MADISON, Wis. — Open-records advocates claimed a victory on Oct. 12 after a state appeals court ordered the Department of Natural Resources to release an employee's disciplinary records.
The District 4 Court of Appeals said the records were not covered by an exemption of the state's open-records laws and therefore must be given to The Lakeland Times newspaper of Minocqua. The newspaper said the case was significant because it could have provided a blanket exemption for disciplinary records involving public employees if the court had accepted an argument put forward by the DNR and its employee, conservation warden Thomas Kroeplin.
The agency and warden claimed the records fell under a 2003 amendment to the state open-records law allowing agencies to withhold some personnel documents used in staff management. The court said that provision did not extend to disciplinary records.
"Not only is the public entitled to know about Kroeplin's actions, but, perhaps even more critically, there is a strong need for public oversight to ensure that the DNR's investigation was thoroughly conducted as well," Judge Paul Higginbotham wrote for the court.
A DNR spokeswoman referred questions about the case to the state Department of Justice. Mike Bauer, administrator of DOJ's Legal Services Division, did not return a call in time for this story.
The records detail an investigation into whether Kroeplin broke DNR rules when he asked a police dispatcher to trace a license plate to find out who owned a car parked at the home of his nephew's ex-girlfriend. The nephew, who had tried to obtain the information minutes earlier, was later arrested for allegedly planting drugs in his ex-girlfriend's car.
Kroeplin's action prompted a federal privacy lawsuit by the car's owner that the DNR paid $90,000 to settle. The Lakeland Times went to court to get the records after the DNR said it would release only a portion of them in response to an open-records request. The rest, the agency argued, fell under the exemption covering records such as employee evaluations and salary and bonus plans. Releasing them would damage Kroeplin's reputation and discourage employees from openly communicating with supervisors, DNR argued.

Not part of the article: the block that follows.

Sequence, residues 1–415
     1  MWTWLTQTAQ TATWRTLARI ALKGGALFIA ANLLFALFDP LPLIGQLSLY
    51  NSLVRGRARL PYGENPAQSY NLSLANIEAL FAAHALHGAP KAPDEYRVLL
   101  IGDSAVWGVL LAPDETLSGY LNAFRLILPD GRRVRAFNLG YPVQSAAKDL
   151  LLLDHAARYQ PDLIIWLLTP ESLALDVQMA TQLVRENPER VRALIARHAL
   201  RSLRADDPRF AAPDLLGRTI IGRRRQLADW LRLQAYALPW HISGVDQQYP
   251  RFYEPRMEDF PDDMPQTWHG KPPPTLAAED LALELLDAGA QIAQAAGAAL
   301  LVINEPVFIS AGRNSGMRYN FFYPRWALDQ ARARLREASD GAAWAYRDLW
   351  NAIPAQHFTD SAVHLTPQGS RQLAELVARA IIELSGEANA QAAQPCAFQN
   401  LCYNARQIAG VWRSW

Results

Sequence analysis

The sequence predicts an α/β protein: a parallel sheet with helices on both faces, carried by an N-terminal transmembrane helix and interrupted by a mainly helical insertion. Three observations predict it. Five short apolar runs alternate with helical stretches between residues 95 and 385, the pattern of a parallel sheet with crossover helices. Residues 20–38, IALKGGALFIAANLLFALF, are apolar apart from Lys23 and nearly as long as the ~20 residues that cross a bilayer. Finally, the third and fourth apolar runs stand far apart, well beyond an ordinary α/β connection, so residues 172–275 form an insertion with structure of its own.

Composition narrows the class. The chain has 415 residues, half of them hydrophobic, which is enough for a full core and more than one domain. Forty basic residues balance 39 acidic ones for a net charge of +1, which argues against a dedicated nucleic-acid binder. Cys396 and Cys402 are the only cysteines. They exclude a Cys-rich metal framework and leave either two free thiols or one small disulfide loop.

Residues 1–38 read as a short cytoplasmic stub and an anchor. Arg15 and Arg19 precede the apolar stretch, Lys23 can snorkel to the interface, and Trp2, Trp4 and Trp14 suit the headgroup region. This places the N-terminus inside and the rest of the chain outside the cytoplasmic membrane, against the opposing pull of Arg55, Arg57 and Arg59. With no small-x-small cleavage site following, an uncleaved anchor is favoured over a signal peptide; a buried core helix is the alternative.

Kroeplin, meanwhile, filed suit to try to block the DNR from releasing any of the records. The two cases were consolidated, and the appeals court ruled in favor of the newspaper, saying neither Kroeplin nor the DNR offered legitimate reasons to withhold the information.
"When individuals become public employees, especially in a law enforcement capacity, they should expect closer public scrutiny, which includes the real possibility that disciplinary records may be released to the public," Higginbotham wrote in upholding a circuit court judge's decision.
Gregg Walker, general manager of The Lakeland Times, called the ruling a victory for open government. "It's a big win for the state of Wisconsin and its residents," Walker said. "If we lose, nobody will get discipline records for teachers, policemen, wardens — employees of the state across the board, which we have every right to know."Bob Dreps, a press lawyer who represented the newspaper, said the ruling marked the first time an appeals court had addressed the argument that disciplinary records were shielded under the 2003 amendment. The argument has been made in a few other cases recently, he said.
"It's a significant opinion," Dreps said. "The statutory argument would have made access to disciplinary records quite problematic."